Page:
“Sugah Daddy” in particular caught my attention – the old school offbeat rhythm is ridiculously catchy, and really does sound like the D’Angelo of old. It’s almost as though the previous 14 years of his absence never happened, in the best possible way.

Favourite Tracks: Really Love, Sugah Daddy, Ain’t That Easy, The Charade

2. Kamasi Washington – The Epic

2015 has been a terrific year for Kamasi Washington – he was the sax lead on “To Pimp a Butterfly” and upon release of his solo album he went on his first ever world tour (which I frustratingly couldn’t get tickets for).

The title of the album is likely the best way of describing it. Three hours of jazz fusion magic rolled into one fantastic release. The album is split into three parts, each of which could easily function as its own entity, however putting them all into one makes this truly world class. Each part on its own is more than worthy of a listen but if you’re having a lazy day and haven’t got much planned, whack this on in the background and listen through the whole 3 hours and I promise you won’t regret it.

If you haven’t found your way into jazz and are interested, this is probably your best bet – it’s very accessible alongside being far and away the best jazz release of this year (and in my opinion also of the past few years).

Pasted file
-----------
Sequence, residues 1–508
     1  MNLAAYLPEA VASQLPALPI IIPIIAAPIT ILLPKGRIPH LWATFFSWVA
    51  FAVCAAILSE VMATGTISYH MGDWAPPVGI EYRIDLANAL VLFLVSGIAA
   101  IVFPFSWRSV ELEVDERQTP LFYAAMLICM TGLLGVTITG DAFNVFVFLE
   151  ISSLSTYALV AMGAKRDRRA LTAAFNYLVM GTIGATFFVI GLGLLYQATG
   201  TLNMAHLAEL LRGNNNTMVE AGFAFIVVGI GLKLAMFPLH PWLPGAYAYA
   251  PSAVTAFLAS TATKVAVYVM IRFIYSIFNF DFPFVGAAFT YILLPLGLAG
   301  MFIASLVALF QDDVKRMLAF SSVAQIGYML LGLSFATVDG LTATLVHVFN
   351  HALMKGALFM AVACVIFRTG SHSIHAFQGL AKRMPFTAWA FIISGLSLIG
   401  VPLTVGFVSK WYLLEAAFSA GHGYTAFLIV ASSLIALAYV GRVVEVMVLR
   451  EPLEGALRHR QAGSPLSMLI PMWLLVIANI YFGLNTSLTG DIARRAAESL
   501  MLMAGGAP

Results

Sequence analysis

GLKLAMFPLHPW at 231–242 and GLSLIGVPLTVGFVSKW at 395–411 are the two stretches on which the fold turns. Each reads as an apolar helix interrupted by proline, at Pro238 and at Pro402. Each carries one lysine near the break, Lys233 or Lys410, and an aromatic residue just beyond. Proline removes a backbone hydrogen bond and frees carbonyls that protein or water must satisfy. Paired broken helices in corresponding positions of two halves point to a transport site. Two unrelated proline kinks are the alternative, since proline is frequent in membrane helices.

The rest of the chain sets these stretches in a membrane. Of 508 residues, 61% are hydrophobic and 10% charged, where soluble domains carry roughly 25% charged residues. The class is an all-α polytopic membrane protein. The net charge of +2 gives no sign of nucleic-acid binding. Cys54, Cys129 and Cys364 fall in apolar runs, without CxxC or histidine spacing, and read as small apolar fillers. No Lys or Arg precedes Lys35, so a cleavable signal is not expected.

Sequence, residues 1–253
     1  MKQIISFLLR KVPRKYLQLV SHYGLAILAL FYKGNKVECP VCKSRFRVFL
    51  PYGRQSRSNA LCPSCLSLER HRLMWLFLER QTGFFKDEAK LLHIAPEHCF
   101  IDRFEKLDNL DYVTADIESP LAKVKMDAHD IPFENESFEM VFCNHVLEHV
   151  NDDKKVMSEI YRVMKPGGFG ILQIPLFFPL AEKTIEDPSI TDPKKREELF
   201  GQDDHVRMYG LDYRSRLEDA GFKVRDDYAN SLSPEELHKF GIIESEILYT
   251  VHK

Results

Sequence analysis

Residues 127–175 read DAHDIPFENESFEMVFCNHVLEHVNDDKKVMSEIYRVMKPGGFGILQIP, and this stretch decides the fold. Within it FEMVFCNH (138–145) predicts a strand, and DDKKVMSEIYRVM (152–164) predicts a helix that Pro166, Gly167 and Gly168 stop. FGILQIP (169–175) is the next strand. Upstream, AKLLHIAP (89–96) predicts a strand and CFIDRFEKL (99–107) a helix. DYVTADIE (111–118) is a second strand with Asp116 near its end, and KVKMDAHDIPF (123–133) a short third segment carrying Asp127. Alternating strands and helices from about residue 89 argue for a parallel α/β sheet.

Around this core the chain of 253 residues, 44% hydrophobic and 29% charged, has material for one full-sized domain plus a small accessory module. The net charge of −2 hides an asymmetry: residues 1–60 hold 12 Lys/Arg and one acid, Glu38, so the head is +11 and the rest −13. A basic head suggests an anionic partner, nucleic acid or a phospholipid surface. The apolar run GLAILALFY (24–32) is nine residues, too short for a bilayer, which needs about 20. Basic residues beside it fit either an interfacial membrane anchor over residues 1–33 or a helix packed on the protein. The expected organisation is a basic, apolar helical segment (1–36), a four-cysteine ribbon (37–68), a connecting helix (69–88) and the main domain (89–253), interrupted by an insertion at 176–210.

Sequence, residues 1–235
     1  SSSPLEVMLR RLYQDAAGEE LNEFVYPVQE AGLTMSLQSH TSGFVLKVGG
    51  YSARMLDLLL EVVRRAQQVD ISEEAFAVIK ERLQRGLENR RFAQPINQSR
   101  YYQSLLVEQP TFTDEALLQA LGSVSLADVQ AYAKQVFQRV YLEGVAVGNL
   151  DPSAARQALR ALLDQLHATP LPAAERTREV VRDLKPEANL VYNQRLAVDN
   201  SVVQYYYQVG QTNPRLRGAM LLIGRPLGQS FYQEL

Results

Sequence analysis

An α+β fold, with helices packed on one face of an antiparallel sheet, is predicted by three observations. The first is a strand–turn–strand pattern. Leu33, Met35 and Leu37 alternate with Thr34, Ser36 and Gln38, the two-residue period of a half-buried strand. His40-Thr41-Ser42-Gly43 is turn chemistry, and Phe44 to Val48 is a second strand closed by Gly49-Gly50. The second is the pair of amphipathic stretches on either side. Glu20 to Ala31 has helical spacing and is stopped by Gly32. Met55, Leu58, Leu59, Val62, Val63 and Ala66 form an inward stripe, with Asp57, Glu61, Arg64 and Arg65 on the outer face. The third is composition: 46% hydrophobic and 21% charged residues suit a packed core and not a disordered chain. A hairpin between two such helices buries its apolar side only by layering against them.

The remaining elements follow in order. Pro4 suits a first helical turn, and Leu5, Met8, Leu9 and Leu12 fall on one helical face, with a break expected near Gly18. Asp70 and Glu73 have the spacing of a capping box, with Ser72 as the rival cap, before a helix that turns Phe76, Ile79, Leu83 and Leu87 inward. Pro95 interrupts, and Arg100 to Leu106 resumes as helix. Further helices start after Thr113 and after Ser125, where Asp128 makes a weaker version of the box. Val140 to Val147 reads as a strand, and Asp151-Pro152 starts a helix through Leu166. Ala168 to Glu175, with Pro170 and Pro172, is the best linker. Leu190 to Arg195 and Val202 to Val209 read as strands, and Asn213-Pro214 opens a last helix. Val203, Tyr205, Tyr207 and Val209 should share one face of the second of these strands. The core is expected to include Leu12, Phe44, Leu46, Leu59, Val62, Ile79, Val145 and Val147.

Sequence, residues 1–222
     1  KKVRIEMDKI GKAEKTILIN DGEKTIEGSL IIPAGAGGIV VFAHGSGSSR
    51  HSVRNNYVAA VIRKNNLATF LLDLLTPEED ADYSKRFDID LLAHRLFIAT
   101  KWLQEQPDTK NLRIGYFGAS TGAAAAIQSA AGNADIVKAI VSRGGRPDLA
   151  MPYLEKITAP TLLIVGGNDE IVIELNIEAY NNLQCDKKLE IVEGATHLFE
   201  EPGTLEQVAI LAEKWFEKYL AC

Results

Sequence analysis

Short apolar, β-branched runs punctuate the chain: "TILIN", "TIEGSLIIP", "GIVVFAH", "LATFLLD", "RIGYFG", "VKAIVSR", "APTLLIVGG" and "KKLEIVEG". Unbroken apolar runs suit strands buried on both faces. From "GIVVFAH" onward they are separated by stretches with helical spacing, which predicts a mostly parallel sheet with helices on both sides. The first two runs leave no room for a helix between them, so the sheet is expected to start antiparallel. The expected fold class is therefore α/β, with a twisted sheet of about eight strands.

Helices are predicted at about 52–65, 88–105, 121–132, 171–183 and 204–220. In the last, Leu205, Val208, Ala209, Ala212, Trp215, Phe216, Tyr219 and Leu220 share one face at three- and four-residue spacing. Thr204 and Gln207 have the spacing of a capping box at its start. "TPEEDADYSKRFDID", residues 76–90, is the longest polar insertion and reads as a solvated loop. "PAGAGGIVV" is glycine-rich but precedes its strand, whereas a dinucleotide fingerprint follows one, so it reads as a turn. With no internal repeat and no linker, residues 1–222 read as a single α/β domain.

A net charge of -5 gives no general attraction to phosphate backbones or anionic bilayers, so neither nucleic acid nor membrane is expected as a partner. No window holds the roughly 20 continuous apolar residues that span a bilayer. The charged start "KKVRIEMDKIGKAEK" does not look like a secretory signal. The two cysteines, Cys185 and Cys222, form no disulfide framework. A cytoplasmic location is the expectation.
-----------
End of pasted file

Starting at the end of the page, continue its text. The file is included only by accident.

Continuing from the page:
Favourite Tracks: Change of the Guard, Askim, Final Thought, The Rhythm Changes, Isabelle

1. Kendrick Lamar – To Pimp a Butterfly

This decision wasn’t even remotely close. If I’m being honest this is probably my favourite album ever. There’s not much I can say about it that hasn’t been said before, it’s an absolute masterpiece. I really thought there was no way Kendrick was going to be able to top “Good Kid M.A.A.D City” but he’s bettered it in every possible way.

The concept is in itself incredible, the poem that is slowly built piece by piece throughout the songs as they pass is a genius idea that I don’t recall ever hearing in an album before. Kendrick must have balls of steel to create that Tupac interview at the end – someone who is generally considered one of the best hip hop artists to have ever lived. Kendrick seems to want to continue his legacy with his insightful commentary on society, particularly in the black community (as the tracks “Hood Politics,” “Alright” and “The Blacker the Berry” in particular show). He paints this picture while outlining his personal struggles with fame and the massive expectations placed on him – “u” is so raw and intense that it really feels as though Kendrick is bearing his all through his music and it feels incredibly authentic and heartfelt.